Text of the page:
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A321, en-route, Gimpo South Korea, 2006
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|On 9 June 2006, an Airbus 321-100, operated by Asiana Airlines, encountered a thunderstorm accompanied by Hail around 20 miles southeast of Anyang VOR at an altitude of 11,500 ft, while descending for an approach to Gimpo Airport. The radome was detached and the cockpit windshield was cracked due to impact with Hail.|
|Actual or Potential
|Airworthiness, Human Factors, Loss of Control, Weather|
|Type of Flight||Public Transport (Passenger)|
|Intended Destination||Gimpo International Airport|
|Take off Commenced||Yes|
|ENR / APR|
|Destination||Gimpo International Airport|
|Approx.||20 miles southeast of Anyang VOR, South Korea|
|Tag(s)||Approach not stabilised,|
Inadequate Aircraft Operator Procedures
Procedural non compliance,
Inappropriate crew response - skills deficiency
|Tag(s)||Degraded flight instrument display,|
Uncommanded AP disconnect,
Flight Management Error,
Temporary Control Loss
|Damage or injury||Yes|
|Causal Factor Group(s)|
Air Traffic Management,
On 9 June 2006, an Airbus 321-100, operated by Asiana Airlines, encountered a thunderstorm accompanied by Hail around 20 miles southeast of Anyang VOR at an altitude of 11,500 ft3,505.2 m <br />, while descending for an approach to Gimpo Airport. The radome was detached and the cockpit windshield was cracked due to impact with Hail.
This is an extract from the Executive Summary of the official report into the accident published by the Korean ARAIB:
"On June 9, 2006, about 17:40, Asiana flight 8942 (flight 8942 hereinafter), an Airbus 321-100 (Registration HL7594), operated by Asiana Airlines, en route from Jeju International Airport (Jeju Airport hereinafter) to Gimpo International Airport (Gimpo Airport hereinafter), encountered a thunderstorm accompanied by hailstones around 20 miles southeast of Anyang VOR at an altitude of 11,500 ft during descending to approach Gimpo Airport, and the radome in the nose section of the aircraft was detached and the cockpit windshield was cracked due to impact with ice stone carried by the thunderstorm… no one sustained injuries in this accident…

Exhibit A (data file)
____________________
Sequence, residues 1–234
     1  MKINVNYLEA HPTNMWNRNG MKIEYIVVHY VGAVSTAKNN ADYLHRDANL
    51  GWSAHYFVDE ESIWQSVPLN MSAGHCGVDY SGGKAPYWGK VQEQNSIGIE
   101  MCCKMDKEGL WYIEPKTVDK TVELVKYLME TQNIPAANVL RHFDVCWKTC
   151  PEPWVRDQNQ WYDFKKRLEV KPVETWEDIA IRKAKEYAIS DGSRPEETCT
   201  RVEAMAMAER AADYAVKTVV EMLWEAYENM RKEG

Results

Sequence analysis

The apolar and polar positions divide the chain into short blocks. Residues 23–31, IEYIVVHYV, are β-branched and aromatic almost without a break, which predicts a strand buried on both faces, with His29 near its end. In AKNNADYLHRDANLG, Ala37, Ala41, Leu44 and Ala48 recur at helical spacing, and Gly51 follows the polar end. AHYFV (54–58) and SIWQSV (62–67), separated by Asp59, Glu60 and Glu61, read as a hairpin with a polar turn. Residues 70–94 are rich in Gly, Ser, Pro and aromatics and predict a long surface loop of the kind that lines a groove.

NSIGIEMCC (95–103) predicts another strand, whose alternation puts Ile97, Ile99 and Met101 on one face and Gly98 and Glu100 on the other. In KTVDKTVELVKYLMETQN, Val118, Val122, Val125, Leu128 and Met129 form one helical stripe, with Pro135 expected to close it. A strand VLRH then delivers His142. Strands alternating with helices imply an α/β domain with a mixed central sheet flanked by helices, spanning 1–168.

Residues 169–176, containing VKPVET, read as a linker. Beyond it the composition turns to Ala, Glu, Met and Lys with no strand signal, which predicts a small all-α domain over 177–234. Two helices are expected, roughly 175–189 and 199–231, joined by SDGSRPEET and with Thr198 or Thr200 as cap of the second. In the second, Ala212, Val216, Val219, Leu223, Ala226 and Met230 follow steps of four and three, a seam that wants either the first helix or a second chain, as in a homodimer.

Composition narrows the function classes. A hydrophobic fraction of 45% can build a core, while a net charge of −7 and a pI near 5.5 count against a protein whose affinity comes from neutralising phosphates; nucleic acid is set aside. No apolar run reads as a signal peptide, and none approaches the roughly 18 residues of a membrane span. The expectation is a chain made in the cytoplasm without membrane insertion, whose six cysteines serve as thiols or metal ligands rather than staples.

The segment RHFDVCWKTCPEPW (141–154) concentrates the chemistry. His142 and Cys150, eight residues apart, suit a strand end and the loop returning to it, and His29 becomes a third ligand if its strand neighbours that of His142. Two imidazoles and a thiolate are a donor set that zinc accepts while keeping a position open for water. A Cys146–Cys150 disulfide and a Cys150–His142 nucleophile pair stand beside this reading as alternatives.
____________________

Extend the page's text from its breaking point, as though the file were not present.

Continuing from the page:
Findings Related to Probable Causes:
The flight route selected by the flight 8942 crew in order to avoid the thunderstorm was not separated enough by distance from the thunderstorm, and the alertness to the thunderstorm paid by the flight crew during descending was not sufficient, and the flight direction chosen when in close proximity to the thunderstorm was not appropriate to avoid the thunderstorm.
Findings Related to Risk:
- Flight 8942 was maintaining high descending speed when encountered with the thunderstorm.
- The speed of flight 8942 was increased to 346.4 kts641.533 km/h <br />178.05 m/s <br /> almost close to the maximum operating speed (350 kts648.2 km/h <br />179.9 m/s <br />) after disconnection of auto thrust and auto pilot systems.
- The noise generated after the detachment of the radome seriously hindered conversations between the flight crew and the communications between the flight crew and the approach control.
- The cracked cockpit windshield seriously impeded the flight crew from having visual contact with the runway and making a landing.
- The disconnection of auto thrust, auto pilot and fight director systems seriously impeded the flight crew from making a stable landing.
- Asiana Airlines did not use the weather forecast or SIGMET information officially dispatched by Aviation Meteorological Office through AFTN by means of having them input in the FMC, instead obtained the necessary weather information including weather forecast by means of logging into the weather information system provided additionally by Aviation Meteorological Office.
- SIGMET information was not announced by Aviation Meteorological Office although it existed between 16:30 and 18:30 on the day of accident.
- It is stipulated in a relevant agreement that the weather forecaster of Aviation Meteorological Office should conduct a weather briefing to the Air Traffic Center controllers, however, on the day of accident, the briefing was not conducted to the group of the controllers on duty who provided the ATC services to flight 8942.
- The controllers of Seoul Approach Control could not receive directly in their control seats SIGMET information officially provided by Aviation Meteorological Office, instead, they used a system of obtaining weather information by logging into the weather information system provided additionally by Aviation Meteorological Office, which was insufficient to receive on time the weather forecast or SIGMET information announced at irregular hours.
- Under the weather condition of visibility of 5 miles or less in Gimpo Airport, the airport lightings were switched on by the Gimpo Tower controller 14 minutes after the controller was aware of the emergency landing declared by flight 8942, the timing of which was inappropriate.
- Air traffic control and Seoul approach control were not operating the broadcasting system on the SIGMET information for the aircraft flying in their control areas…"
- For further information see the full Accident Report published by the Aviation and Railway Accident Investigation Board of South Korea.